Further data are available in the tables .
The Immigration Statistics July – September 2011 release provides the second release of data in a new web-based format designed to make data more accessible to users. Further details regarding the change in structure and content can be found with the Immigration Statistics April – June 2011 release.
Within the Before entry topic, data for the total entry clearance visas issued for 2005 to the second quarter of 2011 has remained consistent with those figures published in the Immigration Statistics April – June 2011 release. This follows analysis of changes in the data since publication in August. Rather than revise data for all quarters at each publication, as previously had been standard practice for the visa data, previous data will only be revised once per year unless there are large changes in the data in the interim. This brings entry clearance visa data into line with most other datasets in this release.
Within the Admissions topic in this edition, data for total passenger arrivals, including nationals of European Economic Area and Switzerland are published up to September 2011, providing more recent data than previously available.
As announced in Immigration Statistics April – June 2011 it has been decided to publish data on defendants proceeded against for offences under Immigration Acts in November rather than August of each year. This release contains these data up to 2010 within the Detention topic. The Detention topic also contains for the first time 2010 data on occurrences of people entering detention, alongside previously published data for 2009.
Within the Asylum topic, the annual table on asylum appeal applications and determinations is now available by sex of the main applicant in addition to nationality.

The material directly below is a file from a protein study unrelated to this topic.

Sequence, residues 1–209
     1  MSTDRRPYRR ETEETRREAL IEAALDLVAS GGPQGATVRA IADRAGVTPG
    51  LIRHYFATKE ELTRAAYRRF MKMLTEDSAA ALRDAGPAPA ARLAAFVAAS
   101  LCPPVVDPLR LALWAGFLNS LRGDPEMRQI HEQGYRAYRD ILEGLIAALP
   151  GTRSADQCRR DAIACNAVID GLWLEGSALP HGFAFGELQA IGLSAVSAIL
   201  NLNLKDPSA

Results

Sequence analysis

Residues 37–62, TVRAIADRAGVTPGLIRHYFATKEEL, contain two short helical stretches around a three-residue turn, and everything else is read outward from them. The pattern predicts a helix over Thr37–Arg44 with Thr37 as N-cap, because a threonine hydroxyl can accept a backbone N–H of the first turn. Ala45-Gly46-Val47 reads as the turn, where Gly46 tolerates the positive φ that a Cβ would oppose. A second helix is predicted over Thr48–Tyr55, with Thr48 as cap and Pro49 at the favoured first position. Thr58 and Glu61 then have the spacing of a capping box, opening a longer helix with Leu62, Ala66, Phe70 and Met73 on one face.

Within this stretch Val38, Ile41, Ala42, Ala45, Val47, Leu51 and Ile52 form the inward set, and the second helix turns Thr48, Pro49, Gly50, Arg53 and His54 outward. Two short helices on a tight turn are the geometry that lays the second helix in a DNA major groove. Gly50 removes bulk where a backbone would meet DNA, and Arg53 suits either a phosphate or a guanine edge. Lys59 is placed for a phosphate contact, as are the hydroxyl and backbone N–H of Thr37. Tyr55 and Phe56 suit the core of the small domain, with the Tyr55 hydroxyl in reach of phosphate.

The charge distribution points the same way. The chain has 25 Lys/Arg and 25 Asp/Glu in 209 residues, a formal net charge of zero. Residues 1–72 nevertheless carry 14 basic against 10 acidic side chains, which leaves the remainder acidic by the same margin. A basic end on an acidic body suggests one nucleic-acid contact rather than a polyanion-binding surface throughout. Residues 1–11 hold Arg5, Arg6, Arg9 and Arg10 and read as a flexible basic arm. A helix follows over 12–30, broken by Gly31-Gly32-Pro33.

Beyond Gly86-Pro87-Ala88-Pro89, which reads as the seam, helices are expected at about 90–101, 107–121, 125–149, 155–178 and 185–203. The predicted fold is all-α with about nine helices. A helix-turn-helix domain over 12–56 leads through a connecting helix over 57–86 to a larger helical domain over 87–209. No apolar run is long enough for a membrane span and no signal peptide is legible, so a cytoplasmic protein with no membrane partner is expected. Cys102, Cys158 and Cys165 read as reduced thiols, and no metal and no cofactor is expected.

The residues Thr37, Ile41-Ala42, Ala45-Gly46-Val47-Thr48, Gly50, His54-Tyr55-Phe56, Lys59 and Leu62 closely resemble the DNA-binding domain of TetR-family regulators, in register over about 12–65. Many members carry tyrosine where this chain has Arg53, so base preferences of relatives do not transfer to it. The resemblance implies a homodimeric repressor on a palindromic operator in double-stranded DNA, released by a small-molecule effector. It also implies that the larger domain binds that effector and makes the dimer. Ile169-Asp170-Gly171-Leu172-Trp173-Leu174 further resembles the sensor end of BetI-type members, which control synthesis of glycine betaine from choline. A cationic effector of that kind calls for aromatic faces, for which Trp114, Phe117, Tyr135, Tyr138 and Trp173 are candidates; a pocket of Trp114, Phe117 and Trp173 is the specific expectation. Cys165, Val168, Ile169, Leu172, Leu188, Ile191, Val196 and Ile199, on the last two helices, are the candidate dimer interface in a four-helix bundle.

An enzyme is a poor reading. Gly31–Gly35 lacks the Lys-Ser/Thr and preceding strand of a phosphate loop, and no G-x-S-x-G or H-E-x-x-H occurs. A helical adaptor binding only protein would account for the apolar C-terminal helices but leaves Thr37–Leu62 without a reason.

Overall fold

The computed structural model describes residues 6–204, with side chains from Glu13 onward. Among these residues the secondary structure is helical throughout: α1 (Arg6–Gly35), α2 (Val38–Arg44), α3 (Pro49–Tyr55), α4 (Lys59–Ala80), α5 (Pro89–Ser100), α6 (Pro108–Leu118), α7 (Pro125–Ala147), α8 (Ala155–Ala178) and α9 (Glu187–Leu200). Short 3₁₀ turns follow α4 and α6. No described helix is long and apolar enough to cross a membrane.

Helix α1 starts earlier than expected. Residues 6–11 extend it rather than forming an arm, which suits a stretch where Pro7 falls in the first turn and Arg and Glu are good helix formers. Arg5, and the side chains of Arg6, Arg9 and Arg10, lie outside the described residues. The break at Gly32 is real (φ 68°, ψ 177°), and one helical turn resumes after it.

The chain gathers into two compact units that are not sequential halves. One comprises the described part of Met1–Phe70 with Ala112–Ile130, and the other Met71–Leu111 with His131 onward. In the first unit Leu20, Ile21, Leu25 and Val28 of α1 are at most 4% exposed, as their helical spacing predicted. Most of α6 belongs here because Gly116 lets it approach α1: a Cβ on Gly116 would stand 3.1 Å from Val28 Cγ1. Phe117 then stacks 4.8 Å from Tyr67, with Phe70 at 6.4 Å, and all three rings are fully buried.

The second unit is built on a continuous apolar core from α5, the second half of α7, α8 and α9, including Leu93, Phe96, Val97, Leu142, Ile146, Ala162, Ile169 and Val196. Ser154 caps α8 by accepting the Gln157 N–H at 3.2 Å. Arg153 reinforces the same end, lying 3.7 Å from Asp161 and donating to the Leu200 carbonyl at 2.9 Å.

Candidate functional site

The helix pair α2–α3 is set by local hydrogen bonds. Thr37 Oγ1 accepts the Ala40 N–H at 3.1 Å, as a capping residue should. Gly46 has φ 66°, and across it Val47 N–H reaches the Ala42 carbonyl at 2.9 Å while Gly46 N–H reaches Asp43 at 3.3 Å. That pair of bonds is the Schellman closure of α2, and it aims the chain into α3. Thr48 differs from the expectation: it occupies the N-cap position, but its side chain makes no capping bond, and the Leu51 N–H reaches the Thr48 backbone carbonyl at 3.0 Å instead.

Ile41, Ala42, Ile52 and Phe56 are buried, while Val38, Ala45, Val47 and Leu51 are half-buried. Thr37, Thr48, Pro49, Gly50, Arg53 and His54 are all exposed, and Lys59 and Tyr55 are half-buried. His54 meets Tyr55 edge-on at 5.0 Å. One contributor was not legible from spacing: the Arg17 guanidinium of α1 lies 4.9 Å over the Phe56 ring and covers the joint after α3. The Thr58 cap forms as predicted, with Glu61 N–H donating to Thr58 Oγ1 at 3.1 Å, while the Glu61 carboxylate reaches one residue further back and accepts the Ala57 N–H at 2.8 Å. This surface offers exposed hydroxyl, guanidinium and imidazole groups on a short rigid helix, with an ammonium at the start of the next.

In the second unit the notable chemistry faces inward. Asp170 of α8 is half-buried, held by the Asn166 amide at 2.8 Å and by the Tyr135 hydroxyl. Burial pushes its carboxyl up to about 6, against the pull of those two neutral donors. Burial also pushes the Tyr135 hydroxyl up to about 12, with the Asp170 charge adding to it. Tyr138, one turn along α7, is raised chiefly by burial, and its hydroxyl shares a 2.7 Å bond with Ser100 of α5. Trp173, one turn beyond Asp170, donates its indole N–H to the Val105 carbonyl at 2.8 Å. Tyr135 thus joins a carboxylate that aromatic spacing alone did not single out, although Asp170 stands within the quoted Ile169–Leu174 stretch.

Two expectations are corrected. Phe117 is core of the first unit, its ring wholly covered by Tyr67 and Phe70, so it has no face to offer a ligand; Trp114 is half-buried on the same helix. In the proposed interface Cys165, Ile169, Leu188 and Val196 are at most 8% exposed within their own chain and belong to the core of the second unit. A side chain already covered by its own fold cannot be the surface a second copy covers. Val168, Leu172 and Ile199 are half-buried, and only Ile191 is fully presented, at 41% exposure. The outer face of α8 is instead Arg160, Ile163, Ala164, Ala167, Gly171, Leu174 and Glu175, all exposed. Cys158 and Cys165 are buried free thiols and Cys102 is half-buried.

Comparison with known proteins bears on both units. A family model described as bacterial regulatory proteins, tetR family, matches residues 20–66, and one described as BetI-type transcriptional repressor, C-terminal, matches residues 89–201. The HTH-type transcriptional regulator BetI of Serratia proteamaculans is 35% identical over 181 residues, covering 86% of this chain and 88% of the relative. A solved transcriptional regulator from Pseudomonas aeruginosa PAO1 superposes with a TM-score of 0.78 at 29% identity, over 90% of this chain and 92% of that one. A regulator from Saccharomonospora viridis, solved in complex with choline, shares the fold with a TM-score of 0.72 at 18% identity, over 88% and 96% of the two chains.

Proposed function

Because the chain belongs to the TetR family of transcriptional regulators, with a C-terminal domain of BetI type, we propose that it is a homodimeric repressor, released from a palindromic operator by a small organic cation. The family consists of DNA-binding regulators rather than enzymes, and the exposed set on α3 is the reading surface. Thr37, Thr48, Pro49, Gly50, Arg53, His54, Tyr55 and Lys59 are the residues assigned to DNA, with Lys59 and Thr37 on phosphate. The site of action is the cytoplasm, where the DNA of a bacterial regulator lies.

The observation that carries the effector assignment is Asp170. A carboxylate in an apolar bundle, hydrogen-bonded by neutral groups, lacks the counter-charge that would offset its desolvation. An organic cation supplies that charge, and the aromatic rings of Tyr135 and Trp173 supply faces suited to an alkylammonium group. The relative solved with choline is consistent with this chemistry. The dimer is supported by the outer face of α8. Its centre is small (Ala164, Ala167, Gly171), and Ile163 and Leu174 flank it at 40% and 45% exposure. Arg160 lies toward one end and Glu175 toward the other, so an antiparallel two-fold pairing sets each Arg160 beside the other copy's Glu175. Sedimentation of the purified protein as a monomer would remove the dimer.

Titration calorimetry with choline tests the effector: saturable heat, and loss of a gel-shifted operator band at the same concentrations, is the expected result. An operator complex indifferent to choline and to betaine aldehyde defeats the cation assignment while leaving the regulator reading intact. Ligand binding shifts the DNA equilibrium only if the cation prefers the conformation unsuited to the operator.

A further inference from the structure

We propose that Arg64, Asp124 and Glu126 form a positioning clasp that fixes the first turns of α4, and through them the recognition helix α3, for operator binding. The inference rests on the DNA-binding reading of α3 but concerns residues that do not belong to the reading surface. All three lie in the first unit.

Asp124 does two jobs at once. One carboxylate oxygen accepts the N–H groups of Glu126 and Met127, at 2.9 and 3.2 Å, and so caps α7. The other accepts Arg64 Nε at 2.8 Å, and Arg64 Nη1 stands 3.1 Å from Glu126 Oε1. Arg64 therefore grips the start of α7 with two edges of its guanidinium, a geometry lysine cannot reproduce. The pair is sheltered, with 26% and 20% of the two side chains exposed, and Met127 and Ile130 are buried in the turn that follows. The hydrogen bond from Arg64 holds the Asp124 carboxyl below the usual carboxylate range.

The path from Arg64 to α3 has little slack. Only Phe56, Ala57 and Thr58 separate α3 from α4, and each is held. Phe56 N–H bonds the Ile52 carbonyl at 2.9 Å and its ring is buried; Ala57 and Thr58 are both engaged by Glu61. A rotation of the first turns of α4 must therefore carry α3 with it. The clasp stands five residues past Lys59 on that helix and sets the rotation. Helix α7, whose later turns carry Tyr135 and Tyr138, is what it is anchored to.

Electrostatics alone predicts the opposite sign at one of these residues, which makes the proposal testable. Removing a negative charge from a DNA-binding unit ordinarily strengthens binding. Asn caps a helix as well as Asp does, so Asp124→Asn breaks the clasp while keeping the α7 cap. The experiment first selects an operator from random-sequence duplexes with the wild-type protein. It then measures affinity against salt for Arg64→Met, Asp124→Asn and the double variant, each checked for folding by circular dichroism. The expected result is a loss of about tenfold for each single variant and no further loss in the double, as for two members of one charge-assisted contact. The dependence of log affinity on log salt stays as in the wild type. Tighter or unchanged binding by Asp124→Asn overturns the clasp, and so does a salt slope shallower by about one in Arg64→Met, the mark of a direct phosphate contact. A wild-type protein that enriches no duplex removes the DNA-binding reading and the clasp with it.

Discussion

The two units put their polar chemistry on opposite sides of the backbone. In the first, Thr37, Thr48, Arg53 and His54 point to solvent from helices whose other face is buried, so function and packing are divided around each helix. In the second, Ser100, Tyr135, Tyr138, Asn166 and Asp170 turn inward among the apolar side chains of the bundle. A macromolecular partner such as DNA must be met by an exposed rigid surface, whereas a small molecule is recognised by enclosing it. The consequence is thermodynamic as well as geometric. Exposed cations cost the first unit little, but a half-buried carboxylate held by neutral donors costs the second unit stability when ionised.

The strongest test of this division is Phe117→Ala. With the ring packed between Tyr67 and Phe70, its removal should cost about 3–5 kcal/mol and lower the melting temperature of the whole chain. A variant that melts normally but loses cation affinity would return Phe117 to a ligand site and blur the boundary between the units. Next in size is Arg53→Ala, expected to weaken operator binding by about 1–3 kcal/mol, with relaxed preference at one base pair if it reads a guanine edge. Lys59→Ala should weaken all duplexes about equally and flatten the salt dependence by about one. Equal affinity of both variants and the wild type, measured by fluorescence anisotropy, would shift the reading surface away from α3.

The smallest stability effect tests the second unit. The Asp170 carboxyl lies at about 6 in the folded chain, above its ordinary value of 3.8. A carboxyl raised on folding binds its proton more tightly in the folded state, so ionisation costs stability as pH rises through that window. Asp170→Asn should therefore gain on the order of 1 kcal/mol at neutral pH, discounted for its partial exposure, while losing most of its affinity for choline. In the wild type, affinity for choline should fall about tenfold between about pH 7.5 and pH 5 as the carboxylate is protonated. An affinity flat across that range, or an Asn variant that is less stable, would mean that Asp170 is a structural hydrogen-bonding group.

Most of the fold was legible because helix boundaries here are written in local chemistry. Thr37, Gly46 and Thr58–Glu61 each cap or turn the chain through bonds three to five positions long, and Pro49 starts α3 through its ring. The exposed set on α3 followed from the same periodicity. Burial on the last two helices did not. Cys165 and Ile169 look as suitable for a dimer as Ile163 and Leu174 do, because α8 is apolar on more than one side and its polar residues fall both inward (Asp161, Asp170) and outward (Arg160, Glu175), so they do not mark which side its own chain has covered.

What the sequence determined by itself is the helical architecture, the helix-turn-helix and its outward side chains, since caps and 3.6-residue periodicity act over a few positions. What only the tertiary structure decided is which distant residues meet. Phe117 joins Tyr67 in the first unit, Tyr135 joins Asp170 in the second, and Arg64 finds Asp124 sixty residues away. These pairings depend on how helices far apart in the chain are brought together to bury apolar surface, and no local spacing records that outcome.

Within the European Economic Area topic, figures for applications received and approvals for registration certificates and accession worker cards from EU2 nationals have been significantly revised from data released in Immigration Statistics April – June 2011. This mainly affects figures for the first and second quarters of 2011, which have been revised upward to include additional data found to have been excluded from previous releases; the revised total approvals for accession worker cards and for registration certificates for the first six months of 2011 are six times higher than previously indicated (12,605 compared to 2,101 in the previous release). Figures for 2007 to 2010 have also been revised, but have changed by only 1 or 2%.
Within the Settlement topic, the annual table on grants of settlement by nationality, table se.03 now additionally includes historical data for 2007 and 2008.
An email distribution list has been established by members of the Migration Statistics User Forum to allow communication between users and producers of migration statistics throughout the year.
Specifically, this is a forum for discussion of migration statistics that allows users to discuss their need for and use of the data and for producers to consult on presentation and changes. The main focus will be on figures for the United Kingdom, but this would not exclude discussion of migration statistics for other countries. Home Office Statistics intends to use this list for communication with users, including data and release developments.
Specific future changes planned, subject to data quality and available resources, include:
providing citizenship grants by region, sex and age since 2004, giving for the first time a historic comparison of the demographics for this data set; and
improving the data quality of the data on Unaccompanied Asylum Seeking Children and age disputed cases to ensure that those whose age dispute case has been fully resolved are counted correctly.
In addition, further tables will be converted to the re-designed format and the User Guide will be further improved.
Users of migration statistics may be interested in the public consultation that has been launched on the Office for National Statistics’ “Beyond 2011” programme. This is a consultation on user needs relating to the work being undertaken by the Office for National Statistics (ONS) to investigate and assess alternative options for producing the population and socio-demographic data required by users, including information currently collected by the ONS on migration via the census. The closing date is 20 January 2012.